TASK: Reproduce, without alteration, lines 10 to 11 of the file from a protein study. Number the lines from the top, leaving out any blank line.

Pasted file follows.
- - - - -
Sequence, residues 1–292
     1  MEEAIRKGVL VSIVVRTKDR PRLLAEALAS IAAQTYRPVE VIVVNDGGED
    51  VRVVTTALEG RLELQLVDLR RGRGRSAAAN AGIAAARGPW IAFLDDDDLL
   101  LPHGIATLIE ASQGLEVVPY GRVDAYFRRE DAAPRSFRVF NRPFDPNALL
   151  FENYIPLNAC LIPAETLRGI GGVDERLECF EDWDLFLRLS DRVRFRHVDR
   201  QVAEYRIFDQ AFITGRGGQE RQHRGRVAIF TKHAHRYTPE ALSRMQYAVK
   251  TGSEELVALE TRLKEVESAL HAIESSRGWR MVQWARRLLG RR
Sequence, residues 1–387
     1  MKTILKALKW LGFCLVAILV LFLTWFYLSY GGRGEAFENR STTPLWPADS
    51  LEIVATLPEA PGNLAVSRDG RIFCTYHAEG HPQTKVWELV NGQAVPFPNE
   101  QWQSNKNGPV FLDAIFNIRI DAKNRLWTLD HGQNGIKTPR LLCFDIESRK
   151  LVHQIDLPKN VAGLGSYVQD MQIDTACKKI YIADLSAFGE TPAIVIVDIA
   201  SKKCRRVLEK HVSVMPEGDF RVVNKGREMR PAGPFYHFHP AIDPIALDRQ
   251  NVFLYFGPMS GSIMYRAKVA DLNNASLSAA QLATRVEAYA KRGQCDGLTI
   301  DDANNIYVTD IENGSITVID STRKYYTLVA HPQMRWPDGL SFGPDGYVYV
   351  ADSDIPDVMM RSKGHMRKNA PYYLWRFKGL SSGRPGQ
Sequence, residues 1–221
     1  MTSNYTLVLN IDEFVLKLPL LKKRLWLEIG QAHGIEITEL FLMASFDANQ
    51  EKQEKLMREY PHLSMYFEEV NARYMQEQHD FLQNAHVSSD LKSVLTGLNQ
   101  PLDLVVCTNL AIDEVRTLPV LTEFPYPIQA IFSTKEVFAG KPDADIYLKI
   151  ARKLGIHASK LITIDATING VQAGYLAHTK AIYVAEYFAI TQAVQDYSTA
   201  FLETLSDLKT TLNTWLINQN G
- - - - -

    51  LEIVATLPEA PGNLAVSRDG RIFCTYHAEG HPQTKVWELV NGQAVPFPNE
   101  QWQSNKNGPV FLDAIFNIRI DAKNRLWTLD HGQNGIKTPR LLCFDIESRK